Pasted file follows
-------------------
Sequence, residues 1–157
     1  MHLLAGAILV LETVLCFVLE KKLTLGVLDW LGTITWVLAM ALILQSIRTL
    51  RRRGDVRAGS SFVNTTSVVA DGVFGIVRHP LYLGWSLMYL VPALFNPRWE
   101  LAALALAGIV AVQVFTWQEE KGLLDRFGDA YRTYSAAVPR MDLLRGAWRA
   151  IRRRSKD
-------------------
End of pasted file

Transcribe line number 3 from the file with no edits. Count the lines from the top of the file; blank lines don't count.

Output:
    51  RRRGDVRAGS SFVNTTSVVA DGVFGIVRHP LYLGWSLMYL VPALFNPRWE